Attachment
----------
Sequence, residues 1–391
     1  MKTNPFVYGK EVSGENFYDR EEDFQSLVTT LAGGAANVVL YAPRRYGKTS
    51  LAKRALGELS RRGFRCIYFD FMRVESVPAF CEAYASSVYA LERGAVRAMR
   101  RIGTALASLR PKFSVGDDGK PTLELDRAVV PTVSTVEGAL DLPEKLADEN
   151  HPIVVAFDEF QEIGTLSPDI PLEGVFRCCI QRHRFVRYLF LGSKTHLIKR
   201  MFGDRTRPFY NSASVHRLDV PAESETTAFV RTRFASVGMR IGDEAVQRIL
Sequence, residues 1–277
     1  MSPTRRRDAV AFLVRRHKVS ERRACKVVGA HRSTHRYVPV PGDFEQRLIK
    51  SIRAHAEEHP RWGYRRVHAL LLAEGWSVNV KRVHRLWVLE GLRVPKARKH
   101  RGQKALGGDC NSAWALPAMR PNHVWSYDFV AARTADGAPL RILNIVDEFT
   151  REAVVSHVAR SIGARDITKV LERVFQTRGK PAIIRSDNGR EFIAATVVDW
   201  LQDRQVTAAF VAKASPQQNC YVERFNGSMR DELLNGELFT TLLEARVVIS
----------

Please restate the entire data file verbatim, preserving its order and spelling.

Sequence, residues 1–391
     1  MKTNPFVYGK EVSGENFYDR EEDFQSLVTT LAGGAANVVL YAPRRYGKTS
    51  LAKRALGELS RRGFRCIYFD FMRVESVPAF CEAYASSVYA LERGAVRAMR
   101  RIGTALASLR PKFSVGDDGK PTLELDRAVV PTVSTVEGAL DLPEKLADEN
   151  HPIVVAFDEF QEIGTLSPDI PLEGVFRCCI QRHRFVRYLF LGSKTHLIKR
   201  MFGDRTRPFY NSASVHRLDV PAESETTAFV RTRFASVGMR IGDEAVQRIL
Sequence, residues 1–277
     1  MSPTRRRDAV AFLVRRHKVS ERRACKVVGA HRSTHRYVPV PGDFEQRLIK
    51  SIRAHAEEHP RWGYRRVHAL LLAEGWSVNV KRVHRLWVLE GLRVPKARKH
   101  RGQKALGGDC NSAWALPAMR PNHVWSYDFV AARTADGAPL RILNIVDEFT
   151  REAVVSHVAR SIGARDITKV LERVFQTRGK PAIIRSDNGR EFIAATVVDW
   201  LQDRQVTAAF VAKASPQQNC YVERFNGSMR DELLNGELFT TLLEARVVIS